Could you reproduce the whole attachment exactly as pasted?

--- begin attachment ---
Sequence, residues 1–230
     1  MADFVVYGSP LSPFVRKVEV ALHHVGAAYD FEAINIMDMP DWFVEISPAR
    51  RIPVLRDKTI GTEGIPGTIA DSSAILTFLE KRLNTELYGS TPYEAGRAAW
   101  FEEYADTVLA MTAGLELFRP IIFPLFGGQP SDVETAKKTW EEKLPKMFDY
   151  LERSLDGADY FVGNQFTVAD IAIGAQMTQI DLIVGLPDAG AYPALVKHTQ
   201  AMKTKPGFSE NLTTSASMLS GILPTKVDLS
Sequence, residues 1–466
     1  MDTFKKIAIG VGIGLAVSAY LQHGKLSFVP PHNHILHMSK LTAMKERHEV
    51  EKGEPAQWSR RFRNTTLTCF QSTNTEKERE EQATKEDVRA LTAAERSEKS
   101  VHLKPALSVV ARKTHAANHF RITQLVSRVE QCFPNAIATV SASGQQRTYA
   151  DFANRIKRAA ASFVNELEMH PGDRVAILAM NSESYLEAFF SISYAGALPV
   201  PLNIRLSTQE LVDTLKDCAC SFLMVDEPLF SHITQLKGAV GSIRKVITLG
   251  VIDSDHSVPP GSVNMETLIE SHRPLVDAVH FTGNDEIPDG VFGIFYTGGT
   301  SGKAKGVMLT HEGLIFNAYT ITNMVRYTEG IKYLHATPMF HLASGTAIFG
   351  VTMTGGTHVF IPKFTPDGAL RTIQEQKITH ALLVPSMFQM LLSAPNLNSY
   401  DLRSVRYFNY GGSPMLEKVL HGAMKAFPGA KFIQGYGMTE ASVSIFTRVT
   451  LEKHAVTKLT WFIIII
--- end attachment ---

Sequence, residues 1–230
     1  MADFVVYGSP LSPFVRKVEV ALHHVGAAYD FEAINIMDMP DWFVEISPAR
    51  RIPVLRDKTI GTEGIPGTIA DSSAILTFLE KRLNTELYGS TPYEAGRAAW
   101  FEEYADTVLA MTAGLELFRP IIFPLFGGQP SDVETAKKTW EEKLPKMFDY
   151  LERSLDGADY FVGNQFTVAD IAIGAQMTQI DLIVGLPDAG AYPALVKHTQ
   201  AMKTKPGFSE NLTTSASMLS GILPTKVDLS
Sequence, residues 1–466
     1  MDTFKKIAIG VGIGLAVSAY LQHGKLSFVP PHNHILHMSK LTAMKERHEV
    51  EKGEPAQWSR RFRNTTLTCF QSTNTEKERE EQATKEDVRA LTAAERSEKS
   101  VHLKPALSVV ARKTHAANHF RITQLVSRVE QCFPNAIATV SASGQQRTYA
   151  DFANRIKRAA ASFVNELEMH PGDRVAILAM NSESYLEAFF SISYAGALPV
   201  PLNIRLSTQE LVDTLKDCAC SFLMVDEPLF SHITQLKGAV GSIRKVITLG
   251  VIDSDHSVPP GSVNMETLIE SHRPLVDAVH FTGNDEIPDG VFGIFYTGGT
   301  SGKAKGVMLT HEGLIFNAYT ITNMVRYTEG IKYLHATPMF HLASGTAIFG
   351  VTMTGGTHVF IPKFTPDGAL RTIQEQKITH ALLVPSMFQM LLSAPNLNSY
   401  DLRSVRYFNY GGSPMLEKVL HGAMKAFPGA KFIQGYGMTE ASVSIFTRVT
   451  LEKHAVTKLT WFIIII